Listeria Outbreak Spreading From Cantaloupe Distribution

Out of the two cases, there is one listeria outbreak death linked to cantaloupe, and those in the high-risk category are pregnant women with the most symptoms. It is a rare but potentially lethal food-borne infection with a 25 percent fatality rate. Salmonella, in comparison, has a mortality rate estimated at less than 1 percent.

Listeria can cause convulsions and stillbirths or miscarriages in women who are pregnant. The elderly and AIDS patients are also at high-risk. Colorado health officials say that there are potentially three states, where the contaminated cantaloupe may have been distributed.

Health officials are currently trying to track down where it was distributed and consumed. The three states are Colorado with nine confirmed cases, Texas having two and Nebraska having one. In all the cases, patients reported recently eating cantaloupe, according to The Colorado Department of Public Health and Environment.

“While the investigation into the source of the listeria outbreak is continuing, it is prudent with people who are at high risk for listeria infection to avoid consumption of cantaloupe,” Chris Urbina, chief medical officer for the department said in a written statement. Urbina added that officials haven’t yet traced where the tainted melons were sold.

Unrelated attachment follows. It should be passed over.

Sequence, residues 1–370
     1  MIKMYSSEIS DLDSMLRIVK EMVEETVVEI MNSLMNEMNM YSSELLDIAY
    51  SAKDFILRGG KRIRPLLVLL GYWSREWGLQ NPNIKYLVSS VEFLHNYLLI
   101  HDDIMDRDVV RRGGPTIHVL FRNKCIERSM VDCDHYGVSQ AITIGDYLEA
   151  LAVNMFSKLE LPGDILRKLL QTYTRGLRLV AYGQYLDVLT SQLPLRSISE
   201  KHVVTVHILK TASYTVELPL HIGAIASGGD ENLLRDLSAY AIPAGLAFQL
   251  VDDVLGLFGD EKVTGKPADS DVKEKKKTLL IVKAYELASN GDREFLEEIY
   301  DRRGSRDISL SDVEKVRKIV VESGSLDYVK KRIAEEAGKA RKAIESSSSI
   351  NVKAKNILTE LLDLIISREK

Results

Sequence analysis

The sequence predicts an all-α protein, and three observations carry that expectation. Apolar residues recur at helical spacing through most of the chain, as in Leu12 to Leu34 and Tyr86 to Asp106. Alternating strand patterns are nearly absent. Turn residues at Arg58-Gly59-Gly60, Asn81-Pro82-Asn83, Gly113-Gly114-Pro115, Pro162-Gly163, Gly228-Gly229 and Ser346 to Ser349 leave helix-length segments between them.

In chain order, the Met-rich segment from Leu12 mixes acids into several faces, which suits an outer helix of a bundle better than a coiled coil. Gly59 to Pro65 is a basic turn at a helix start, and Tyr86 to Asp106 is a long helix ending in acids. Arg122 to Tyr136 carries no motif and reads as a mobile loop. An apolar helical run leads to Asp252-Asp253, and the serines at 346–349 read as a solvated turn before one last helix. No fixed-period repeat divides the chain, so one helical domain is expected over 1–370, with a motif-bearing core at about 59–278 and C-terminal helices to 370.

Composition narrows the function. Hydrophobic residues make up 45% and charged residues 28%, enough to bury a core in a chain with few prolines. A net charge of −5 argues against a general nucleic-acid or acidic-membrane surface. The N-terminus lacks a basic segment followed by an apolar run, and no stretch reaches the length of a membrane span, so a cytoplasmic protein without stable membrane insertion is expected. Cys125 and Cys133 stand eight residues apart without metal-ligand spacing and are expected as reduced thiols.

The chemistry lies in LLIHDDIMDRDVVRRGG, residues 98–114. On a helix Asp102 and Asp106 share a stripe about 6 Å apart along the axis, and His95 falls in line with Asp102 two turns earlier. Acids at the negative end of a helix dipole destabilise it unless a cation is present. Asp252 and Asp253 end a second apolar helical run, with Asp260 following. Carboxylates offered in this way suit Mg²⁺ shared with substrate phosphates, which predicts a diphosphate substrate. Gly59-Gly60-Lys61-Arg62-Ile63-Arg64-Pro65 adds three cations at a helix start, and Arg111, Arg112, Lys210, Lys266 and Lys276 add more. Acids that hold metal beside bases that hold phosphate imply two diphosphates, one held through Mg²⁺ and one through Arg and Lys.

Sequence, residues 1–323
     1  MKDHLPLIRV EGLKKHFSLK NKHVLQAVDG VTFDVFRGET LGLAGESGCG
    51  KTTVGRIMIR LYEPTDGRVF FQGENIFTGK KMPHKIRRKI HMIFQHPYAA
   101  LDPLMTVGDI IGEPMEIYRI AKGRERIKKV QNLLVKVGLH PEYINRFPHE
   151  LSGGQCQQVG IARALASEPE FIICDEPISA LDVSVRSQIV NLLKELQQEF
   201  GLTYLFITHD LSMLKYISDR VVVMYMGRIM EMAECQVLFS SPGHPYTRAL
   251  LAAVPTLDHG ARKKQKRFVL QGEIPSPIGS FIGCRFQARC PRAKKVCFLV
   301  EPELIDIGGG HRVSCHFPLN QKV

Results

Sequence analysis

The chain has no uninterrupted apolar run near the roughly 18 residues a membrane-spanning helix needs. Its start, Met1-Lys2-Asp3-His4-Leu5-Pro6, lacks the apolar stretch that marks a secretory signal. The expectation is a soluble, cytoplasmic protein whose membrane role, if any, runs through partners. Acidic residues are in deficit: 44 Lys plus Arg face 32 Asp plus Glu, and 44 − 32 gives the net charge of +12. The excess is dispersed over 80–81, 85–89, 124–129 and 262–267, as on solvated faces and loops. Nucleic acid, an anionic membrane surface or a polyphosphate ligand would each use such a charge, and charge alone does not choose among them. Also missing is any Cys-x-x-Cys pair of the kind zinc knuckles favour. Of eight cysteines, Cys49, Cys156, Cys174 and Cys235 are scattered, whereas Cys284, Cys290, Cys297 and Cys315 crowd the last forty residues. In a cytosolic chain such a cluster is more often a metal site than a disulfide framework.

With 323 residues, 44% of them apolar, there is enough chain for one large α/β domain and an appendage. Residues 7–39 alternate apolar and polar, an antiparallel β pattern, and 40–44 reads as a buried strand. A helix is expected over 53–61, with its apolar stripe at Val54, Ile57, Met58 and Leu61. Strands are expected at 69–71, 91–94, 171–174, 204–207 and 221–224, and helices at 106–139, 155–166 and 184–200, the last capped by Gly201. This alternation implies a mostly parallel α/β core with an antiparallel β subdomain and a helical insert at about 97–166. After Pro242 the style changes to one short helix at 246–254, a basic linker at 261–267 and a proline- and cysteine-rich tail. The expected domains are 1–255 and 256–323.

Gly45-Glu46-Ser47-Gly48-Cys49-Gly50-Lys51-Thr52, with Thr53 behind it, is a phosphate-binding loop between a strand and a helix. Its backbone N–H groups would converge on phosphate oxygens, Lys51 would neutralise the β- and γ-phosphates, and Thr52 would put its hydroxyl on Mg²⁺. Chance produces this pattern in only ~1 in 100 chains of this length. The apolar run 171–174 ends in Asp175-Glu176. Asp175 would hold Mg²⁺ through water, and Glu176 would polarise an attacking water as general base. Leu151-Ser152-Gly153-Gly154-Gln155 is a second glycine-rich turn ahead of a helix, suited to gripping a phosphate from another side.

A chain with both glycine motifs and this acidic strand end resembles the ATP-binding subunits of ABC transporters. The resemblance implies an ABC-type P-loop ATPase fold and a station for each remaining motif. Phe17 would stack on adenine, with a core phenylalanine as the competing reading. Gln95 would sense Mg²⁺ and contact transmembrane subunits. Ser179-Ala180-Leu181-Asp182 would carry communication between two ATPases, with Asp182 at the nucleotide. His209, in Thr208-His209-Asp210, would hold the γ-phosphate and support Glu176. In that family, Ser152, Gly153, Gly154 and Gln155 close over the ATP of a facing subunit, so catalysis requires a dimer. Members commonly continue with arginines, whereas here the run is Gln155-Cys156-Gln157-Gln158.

Two patients have died in Colorado from listeria in the last month, but investigators can link just one death to the current outbreak. The U.S. Centers for Disease Control and Prevention is coordinating the investigation in conjunction with the U.S. Food and Drug Administration and the U.S. Department of Agriculture.

Pasteurization and sufficient cooking can kill listeria, but contamination may occur after cooking and before packaging.

For example, meat-processing plants producing ready-to-eat foods, such as hot dogs and deli meats, must follow extensive sanitation policies and procedures to prevent Listeria contamination.

Health officials add that those in the high-risk groups for contracting listeria should avoid unpasteurized soft cheeses, refrigerated smoked seafood and deli meats, unless they have been reheated to 165 degrees Fahrenheit.